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Why were East and West Garfield Park excluded from Lightfoot’s neighborhood development plan? West Side alderman demands to know

Planning and Development Commissioner Maurice Cox was on the hot seat at City Council budget hearings — and Ald. Jason Ervin (28th), chairman of the Black Caucus, had Cox right where he wanted him.

Mayor Lori Lightfoot (center) and Planning and Development Commissioner Maurice Cox (left) announce the mayor’s $250 million “Invest South/West” plan last month in Austin.
Fran Spielman/Chicago Sun-Times

Chicago’s new planning and development commissioner came under fire Thursday for failing to include two impoverished West Side neighborhoods — East and West Garfield Park — in a $250 million mayoral plan to bring “transformative change” to 10 inner-city neighborhoods.

Former Detroit planner Maurice Cox was on the hot seat at City Council budget hearings — and Ald. Jason Ervin (28th), chairman of the Black Caucus, had Cox right where he wanted him.

Ervin demanded to know why 10 neighborhoods are targeted for the unprecedented infusion of city capital and East and West Garfield Park are not among them.

Instead, the plan Mayor Lori Lightfoot proudly calls “Invest South/West” includes Auburn Gresham, North Lawndale, Austin, Englewood, Humboldt Park, Quad Communities, New City, Roseland, South Chicago and South Shore.

“If you look at statistic after statistic, East and West Garfield Park are in the top two or three. This is where government needs to be helping. In those communities that need it the most,” Ervin said.

“Kenwood has million-dollar homes in it. There are no million-dollar homes in Garfield Park … This is almost an insult. How do I go back to my constituents and tell them there’s 10 communities … and we’re not one of `em? ... How do you make that make sense to the residents? What are we to tell them — we’ll get you next time? People have been hearing that for years.”

Ervin was so “baffled” by the list, he literally asked Cox whether or not the strategy was to “go after low-hanging fruit.”

The commissioner insisted that was not the case and that all of the communities chosen “have their challenges.”

Cox said he was the “first to notice” that West Garfield Park was not in the first round” and asked his new staff, “Can you take me to the community-based organizations that serve that particular area?”

“They were hard-pressed to find the groups that are located in that area. So I would rather build the capacity of that group and come in [during] a second-phase,” the commissioner said.

Ervin demanded to know why Cox didn’t reach out to any of three aldermen who represent East and West Garfield Park to identify community-based organizations.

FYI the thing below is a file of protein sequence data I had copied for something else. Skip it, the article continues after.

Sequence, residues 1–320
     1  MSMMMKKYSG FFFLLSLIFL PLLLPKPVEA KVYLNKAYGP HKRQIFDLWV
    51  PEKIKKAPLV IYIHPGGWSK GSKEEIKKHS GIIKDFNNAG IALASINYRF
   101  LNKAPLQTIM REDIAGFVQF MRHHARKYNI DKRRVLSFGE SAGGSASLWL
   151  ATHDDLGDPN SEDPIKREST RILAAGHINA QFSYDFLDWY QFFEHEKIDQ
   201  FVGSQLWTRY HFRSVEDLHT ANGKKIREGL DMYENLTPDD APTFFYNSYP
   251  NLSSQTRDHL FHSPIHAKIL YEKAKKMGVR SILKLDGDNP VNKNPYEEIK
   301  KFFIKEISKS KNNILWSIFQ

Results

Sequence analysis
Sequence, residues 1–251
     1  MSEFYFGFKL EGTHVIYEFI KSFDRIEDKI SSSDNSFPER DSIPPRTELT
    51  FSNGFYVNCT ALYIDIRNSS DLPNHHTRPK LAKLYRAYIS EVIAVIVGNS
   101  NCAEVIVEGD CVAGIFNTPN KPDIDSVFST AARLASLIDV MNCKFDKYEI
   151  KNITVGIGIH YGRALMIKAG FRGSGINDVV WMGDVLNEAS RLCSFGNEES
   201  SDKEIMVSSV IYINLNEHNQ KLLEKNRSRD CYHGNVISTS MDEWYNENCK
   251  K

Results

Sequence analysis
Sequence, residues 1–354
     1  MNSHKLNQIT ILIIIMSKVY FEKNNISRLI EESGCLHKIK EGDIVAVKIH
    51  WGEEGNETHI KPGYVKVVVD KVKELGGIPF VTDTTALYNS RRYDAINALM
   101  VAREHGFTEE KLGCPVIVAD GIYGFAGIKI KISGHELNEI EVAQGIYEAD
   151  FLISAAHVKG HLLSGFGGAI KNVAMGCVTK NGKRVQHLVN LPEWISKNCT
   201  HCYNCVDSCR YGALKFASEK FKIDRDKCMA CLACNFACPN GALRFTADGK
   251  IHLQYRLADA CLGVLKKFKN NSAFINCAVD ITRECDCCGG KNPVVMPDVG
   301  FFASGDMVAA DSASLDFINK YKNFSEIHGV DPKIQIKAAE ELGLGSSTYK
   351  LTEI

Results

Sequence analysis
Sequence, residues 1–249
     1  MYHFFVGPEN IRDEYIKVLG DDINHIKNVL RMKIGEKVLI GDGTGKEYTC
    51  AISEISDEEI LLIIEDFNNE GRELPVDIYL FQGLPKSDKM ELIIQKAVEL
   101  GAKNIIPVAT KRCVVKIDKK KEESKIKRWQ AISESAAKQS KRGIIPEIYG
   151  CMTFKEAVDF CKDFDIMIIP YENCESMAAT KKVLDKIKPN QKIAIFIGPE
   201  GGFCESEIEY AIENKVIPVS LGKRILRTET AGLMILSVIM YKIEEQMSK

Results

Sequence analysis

“I am more than happy to work with you to identify those folks on the ground … We’ve made a commitment to work in the 10 areas [first]. And I’m happy to do some initial work to prepare the next communities to follow in very, very quick order,” the commissioner said.

Cox said he has “felt that pressure” from every community area in the South and West Sides. But choices have to be made.

“I’m challenged to implement a strategy that’s based on aggregating resources if I have to work on every neighborhood at the same time. I don’t think it’s gonna be an effective strategy,” the commissioner said.

“I’d like to concentrate. I’d like to get some strategies that work, then move them to the next sequence of neighborhoods.”

Last month, Lightfoot told a standing-room-only news conference in Austin that the 10 neighborhoods were chosen based on a host of factors that include: local business activity; retail and institutional anchors; transportation amenities; historic buildings; recent and pending public improvements; and potential community partners.

The $250 million, Lightfoot said, is “re-prioritized money already in the pipeline” from: tax increment financing; the moribund $100 million Catalyst Fund; the Small Business Improvement Fund; and the share-the-wealth Neighborhood Opportunity Fund generated by developers paying a fee for permission to build bigger and taller buildings downtown.

Together with $500 million in CTA, Metra and Park District improvements already in the pipeline — and a $10 million sponsorship from BMO Harris Bank — the goal of the program is to turn abandoned commercial corridors into thriving inner-city neighborhoods with the amenities needed to attract residents, not lose them.

“I have been champing at the bit for months to be able to stand here in this moment. And I said, with due respect to my friends on the South Side, when we make this announcement, we must come to the West Side,” the mayor said on that day.